Westlake Wants New Sign, Tenant


DATE: 02/02/2010


Shopping Center’s Owner Seeks City’s OK for Larger Sign to Lure New Business

PEORIA — Circuit City’s old building could have a new tenant if the shopping center it’s located in gets a new,  larger and digitalized entrance sign.

Shoppers walk to and from stores Monday afternoon in the Westlake Shopping Center in Peoria. The new sign would be bigger than the current one and would be digitalized. A potential tenant wants the sign. City officials are against the change. They believe both the current and proposed signs are too big.

Westlake Limited Partner- ship seeks changes to its zoning regulations to allow for a 42.5- foot-tall, 640-square-foot sign where the current sign is. The shopping center’s current sign is 3% feet shorter in height and 171 feet smaller in square footage than the proposed one.

City officials believe both the current and proposed signs are too big.

The Department of Planning & Growth Management is asking the zoning commission to approve Westlake’s new sign only if it’s 25 feet tall and 285 square feet in overall size.

The zoning commission will consider Westlake’s request during a meeting at 3 p.m. Thursday. The commission’s recommendation will then go to the full City Council for final consideration.

“Compared to what is there now, I think Les Cohen believes. it is a tremendous enhancement to the aesthetics,” said Bob Hall, a Peoria attorney  representing Cohen, who owns Westlake Shopping Center. “It’s driven by a tenant who wants to go there and will not go there if the sign is not renovated.”

Hall declined to name the proposed tenant.

He said the primary reason for the increase in the proposed sign’s square footage is because of the “decorative elements” the new sign will have. He said the sizes of business names listed on the proposed sign are no different than what currently exists.

Leah Allison, senior urban planner with the Department of Planning and Growth Management, said the city isn’t supportive of a new sign that is larger than the existing sign.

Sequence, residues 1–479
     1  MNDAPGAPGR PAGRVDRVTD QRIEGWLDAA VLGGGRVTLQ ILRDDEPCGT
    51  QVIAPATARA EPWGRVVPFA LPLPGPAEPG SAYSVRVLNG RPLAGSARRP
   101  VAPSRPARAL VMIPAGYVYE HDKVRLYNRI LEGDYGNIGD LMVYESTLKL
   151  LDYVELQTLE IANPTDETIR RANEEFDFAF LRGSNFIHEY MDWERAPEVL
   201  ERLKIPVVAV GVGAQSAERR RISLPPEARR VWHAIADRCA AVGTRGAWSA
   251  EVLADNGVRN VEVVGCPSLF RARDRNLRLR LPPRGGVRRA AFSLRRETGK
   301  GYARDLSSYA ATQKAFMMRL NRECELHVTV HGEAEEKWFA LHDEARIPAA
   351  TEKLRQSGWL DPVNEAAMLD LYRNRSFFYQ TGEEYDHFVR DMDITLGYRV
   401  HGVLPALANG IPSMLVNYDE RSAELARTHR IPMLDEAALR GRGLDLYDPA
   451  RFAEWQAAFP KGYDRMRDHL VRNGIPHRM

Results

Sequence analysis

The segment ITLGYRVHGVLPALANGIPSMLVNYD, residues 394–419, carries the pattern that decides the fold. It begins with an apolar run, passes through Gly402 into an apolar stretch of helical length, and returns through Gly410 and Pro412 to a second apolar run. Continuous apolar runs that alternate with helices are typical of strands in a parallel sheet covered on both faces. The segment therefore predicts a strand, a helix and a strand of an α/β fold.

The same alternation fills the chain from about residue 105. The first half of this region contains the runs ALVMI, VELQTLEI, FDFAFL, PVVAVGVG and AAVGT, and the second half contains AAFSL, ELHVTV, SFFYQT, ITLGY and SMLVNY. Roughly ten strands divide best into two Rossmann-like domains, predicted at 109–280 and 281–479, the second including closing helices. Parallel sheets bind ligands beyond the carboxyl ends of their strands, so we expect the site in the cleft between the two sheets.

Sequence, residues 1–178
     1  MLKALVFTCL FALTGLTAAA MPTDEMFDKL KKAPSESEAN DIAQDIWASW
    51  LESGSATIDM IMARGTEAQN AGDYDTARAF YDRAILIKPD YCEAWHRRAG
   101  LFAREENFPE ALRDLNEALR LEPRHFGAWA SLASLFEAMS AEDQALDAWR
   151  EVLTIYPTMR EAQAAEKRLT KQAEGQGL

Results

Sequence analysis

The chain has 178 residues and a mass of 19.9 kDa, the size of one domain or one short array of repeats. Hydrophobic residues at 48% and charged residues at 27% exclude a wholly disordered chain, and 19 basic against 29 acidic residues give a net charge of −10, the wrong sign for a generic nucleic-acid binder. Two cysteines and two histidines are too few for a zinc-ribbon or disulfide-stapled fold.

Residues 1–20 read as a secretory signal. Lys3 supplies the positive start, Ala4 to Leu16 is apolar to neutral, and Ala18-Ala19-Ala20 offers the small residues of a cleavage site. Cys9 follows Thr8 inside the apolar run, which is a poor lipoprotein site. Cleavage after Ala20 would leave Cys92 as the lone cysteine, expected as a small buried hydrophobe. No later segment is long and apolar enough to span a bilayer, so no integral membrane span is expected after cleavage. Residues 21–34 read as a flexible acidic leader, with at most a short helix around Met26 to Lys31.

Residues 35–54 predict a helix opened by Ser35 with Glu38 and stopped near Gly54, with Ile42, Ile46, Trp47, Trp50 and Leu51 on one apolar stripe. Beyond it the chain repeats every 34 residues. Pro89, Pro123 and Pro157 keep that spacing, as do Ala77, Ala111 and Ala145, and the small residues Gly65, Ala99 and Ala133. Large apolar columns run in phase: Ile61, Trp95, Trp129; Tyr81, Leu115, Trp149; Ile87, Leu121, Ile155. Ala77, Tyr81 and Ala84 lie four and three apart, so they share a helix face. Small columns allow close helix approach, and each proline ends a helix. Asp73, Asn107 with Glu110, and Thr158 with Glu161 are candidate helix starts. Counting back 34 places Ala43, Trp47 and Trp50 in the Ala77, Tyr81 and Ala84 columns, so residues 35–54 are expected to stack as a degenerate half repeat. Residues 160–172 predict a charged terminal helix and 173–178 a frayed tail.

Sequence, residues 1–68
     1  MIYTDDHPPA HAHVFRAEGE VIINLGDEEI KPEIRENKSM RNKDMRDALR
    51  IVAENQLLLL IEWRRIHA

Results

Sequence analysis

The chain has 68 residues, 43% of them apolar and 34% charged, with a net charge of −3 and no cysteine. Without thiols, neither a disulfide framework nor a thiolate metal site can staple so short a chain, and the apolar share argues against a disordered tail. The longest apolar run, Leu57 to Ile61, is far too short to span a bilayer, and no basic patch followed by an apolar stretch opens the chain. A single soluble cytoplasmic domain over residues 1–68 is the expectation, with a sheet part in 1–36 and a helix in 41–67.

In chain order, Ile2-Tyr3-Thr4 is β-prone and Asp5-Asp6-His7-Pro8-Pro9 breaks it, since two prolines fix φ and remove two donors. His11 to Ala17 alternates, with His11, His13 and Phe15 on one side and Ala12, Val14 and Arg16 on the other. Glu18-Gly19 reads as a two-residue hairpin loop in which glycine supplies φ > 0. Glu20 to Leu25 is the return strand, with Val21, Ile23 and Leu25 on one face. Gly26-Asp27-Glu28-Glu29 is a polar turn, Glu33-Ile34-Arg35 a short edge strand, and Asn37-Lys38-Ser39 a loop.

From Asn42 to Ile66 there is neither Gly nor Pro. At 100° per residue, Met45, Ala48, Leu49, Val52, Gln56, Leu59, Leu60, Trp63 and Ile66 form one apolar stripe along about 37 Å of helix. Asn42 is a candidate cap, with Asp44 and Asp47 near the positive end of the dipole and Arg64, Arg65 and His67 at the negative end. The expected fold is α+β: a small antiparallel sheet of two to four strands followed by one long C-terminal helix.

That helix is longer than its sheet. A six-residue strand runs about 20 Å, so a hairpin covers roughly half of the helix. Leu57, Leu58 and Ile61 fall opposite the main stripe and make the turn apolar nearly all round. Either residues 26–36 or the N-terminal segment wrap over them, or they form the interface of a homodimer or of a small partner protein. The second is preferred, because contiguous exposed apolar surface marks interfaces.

She said the current sign doesn’t meet zoning regulations, which call for 25-foot-tall signs. She said the proposed sign only moves further away from the city’s zoning regulations, and should not be allowed.

“It should come closer to conformance,” Allison said.

The zoning request also asks for the sign to be digital, and perhaps with moving images. But the city’s sign ordinance doesn’t allow for frequent, moving images on digital sign unless it’s located within the Downtown business district. The Peoria Civic Center, for instance, has a digital sign with movable images.

Instead, the city’s ordinances allow for digital signs with static imaging, such as the images found on multiple electronic billboards through- out the city Electronic multiple message signs cannot change messages more than once every 10 seconds, the city’s code states.

Fifth District City Councilman Dan Irving recently requested an ordinance changing the city’s zoning laws be tabled until later this year; while the zoning commission analyzed the city’s sign ordinance. His proposals asked for the static images to be replaced with images that fade or dissolve.

Irving said the Westlake sign proposal wasn’t the reason he proposed the ordinance change. He said there is increasing interest among businesses for digital signs.

“We need to review our sign ordinance,” Irving said. “Is our current ordinance moving us in a direction we want to go? Do we want to further limit the signs or are there ways to add flexibility on what we can or cannot allow in certain areas?”